... Obama's endless parade of cringing retreats speaks louder than our actual military clout.  Power without the will to use it means nothing.

But now there's a shift in the wind.

Conservatives are winning elections – in the U.K., Australia, Canada, and Israel.  France's President Hollande is promising to help the Saudis and their allies, abandoned by Obama.  Norway has actually expelled thousands of Muslim criminals, followed by a "surprising" drop in the violent crime rate.

After the Charlie Hebdo massacres in Paris, fence-sitting European politicians actually tried to form a united front against barbaric jihad.  Had Obama chosen to join that movement by saying the magic words "the enemy is Muslim jihad," we would be seeing real unity today...

The world now looks more explosive than ever.  In Egypt, Obama tried to install a Muslim Brotherhood fascist as president, but the political elites rebelled and put President El Sisi in the presidency.  Today El Sisi is by far the most impressive spokesman for Muslims who don't want nuclear martyrdom for themselves or their children.  (Believe it or not, such Muslims do exist, by the millions.)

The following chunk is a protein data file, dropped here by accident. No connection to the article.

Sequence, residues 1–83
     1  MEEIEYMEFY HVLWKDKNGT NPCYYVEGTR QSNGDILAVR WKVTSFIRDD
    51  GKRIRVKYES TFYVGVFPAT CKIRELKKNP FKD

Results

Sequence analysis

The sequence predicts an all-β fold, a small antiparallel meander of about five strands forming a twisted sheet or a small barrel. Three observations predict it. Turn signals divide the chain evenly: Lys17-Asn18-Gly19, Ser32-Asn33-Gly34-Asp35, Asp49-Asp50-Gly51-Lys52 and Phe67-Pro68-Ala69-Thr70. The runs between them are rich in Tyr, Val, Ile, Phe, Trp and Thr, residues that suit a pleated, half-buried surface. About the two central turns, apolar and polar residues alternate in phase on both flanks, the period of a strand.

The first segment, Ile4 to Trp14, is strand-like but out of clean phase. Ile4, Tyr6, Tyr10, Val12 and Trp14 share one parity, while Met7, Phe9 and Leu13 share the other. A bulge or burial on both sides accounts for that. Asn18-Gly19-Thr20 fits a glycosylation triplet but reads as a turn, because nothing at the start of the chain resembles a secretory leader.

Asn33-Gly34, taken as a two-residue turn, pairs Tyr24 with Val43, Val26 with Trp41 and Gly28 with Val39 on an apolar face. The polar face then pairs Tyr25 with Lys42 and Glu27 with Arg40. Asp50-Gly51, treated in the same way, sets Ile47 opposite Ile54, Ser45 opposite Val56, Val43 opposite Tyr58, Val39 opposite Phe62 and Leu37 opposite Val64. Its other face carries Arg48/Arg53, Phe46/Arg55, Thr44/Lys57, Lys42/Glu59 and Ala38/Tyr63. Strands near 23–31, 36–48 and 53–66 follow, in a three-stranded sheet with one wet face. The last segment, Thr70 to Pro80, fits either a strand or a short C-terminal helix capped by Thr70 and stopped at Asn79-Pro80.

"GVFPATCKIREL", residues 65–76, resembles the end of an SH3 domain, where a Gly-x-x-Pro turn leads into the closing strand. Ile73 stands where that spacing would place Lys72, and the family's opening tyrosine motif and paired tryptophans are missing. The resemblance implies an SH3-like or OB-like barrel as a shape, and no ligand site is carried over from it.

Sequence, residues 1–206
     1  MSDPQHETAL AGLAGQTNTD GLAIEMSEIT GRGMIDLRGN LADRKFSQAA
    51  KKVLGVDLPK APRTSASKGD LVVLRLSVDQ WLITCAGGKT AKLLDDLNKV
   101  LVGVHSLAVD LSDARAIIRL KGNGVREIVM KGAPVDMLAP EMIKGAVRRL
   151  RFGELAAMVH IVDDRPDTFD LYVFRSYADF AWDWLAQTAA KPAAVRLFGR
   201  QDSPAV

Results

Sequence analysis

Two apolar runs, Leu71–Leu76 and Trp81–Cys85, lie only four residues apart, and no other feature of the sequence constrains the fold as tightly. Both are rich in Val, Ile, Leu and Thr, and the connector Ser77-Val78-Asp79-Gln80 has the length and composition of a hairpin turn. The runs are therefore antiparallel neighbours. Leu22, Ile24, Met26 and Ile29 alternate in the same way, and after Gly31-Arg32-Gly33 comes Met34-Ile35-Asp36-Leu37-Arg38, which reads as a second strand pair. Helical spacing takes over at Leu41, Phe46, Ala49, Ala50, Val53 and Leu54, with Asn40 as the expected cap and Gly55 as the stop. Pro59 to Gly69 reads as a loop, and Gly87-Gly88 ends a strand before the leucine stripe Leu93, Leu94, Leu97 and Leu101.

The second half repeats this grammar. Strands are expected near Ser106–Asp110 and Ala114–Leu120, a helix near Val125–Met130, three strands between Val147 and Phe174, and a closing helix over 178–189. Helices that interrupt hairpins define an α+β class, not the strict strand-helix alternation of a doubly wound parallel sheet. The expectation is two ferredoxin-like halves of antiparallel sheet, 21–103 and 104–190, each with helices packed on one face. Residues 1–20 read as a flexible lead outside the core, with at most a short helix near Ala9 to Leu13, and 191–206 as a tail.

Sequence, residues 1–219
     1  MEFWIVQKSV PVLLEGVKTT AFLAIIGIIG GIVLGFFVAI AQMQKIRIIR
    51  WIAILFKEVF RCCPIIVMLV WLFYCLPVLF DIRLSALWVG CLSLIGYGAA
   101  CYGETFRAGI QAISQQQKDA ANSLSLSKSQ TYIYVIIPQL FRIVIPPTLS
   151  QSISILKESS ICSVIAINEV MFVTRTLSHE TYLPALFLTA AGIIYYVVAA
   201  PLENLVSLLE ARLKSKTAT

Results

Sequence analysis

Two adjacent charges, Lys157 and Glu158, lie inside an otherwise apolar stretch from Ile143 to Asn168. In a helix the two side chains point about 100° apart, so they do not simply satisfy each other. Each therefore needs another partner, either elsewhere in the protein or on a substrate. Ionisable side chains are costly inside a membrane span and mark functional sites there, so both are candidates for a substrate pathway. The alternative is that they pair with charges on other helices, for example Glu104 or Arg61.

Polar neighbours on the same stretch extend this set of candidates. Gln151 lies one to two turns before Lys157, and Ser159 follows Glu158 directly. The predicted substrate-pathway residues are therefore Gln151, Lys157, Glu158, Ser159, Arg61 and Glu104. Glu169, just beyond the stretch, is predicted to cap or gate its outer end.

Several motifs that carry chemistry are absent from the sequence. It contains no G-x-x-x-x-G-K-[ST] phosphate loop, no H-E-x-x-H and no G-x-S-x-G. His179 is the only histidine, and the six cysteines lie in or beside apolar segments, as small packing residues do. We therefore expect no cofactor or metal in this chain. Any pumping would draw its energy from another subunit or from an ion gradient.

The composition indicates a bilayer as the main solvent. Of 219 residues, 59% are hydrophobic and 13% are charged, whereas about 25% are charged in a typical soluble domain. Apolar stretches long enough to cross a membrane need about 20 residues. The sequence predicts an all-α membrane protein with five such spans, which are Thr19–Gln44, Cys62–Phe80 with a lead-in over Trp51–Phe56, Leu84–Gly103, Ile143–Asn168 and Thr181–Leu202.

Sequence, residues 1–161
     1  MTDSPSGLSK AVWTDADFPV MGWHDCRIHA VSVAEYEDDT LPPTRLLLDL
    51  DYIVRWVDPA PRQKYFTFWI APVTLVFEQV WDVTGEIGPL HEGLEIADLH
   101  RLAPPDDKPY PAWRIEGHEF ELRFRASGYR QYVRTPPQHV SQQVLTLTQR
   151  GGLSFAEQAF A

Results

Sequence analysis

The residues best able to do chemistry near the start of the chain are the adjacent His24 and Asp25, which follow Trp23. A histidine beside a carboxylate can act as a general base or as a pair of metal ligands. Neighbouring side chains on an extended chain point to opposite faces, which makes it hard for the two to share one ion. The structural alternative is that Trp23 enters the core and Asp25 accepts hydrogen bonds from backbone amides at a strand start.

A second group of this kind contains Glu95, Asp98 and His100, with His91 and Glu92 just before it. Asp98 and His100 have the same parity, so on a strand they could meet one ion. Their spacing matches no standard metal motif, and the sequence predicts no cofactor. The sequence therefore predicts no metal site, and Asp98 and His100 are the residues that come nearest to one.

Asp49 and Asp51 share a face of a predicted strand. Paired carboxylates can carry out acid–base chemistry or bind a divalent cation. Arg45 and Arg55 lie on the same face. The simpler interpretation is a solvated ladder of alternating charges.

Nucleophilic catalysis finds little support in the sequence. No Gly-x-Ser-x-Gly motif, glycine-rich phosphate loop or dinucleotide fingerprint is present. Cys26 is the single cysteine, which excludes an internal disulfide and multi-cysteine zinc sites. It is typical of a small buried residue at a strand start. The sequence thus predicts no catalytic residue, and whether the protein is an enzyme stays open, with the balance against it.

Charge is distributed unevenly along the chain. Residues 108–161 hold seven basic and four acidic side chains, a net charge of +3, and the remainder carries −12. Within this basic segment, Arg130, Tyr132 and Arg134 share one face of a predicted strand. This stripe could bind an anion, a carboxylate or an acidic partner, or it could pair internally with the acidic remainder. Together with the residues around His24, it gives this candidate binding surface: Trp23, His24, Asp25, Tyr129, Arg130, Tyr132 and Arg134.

Obama sent his own operatives to elect the left in Israel, but when things look really dangerous, Israelis vote for solid mainstream conservatives...

For sixty years, the U.S. president was the leader of the free world – not to boost our national ego, but to protect the things that civilized nations cherish most.  Europeans would routinely shout and holler at us, but in the end they knew who protected their safety, freedom, and prosperity.  By pulling the rug out from under our allies, Obama has confronted them with a reality the Europeans didn't want to see.  Now they see how vulnerable they are.

But the last two years of Obama may be even more dangerous.

The rogues are trying to consolidate their conquests (like the mullahs grabbing the strategic chokepoint of Yemen), and they will grab as much additional power and territory as possible, just in case we elect another Ronald Reagan in 2016.  The Iranians are now doing everything possible to push their power in Syria, Iraq, and Yemen.  They are not waiting for Obama's foolish "peace agreement," which they will never keep anyway.  When the enemy looks weak, they grab what they can.  It's in their nature; it's even in their jihadist doctrine.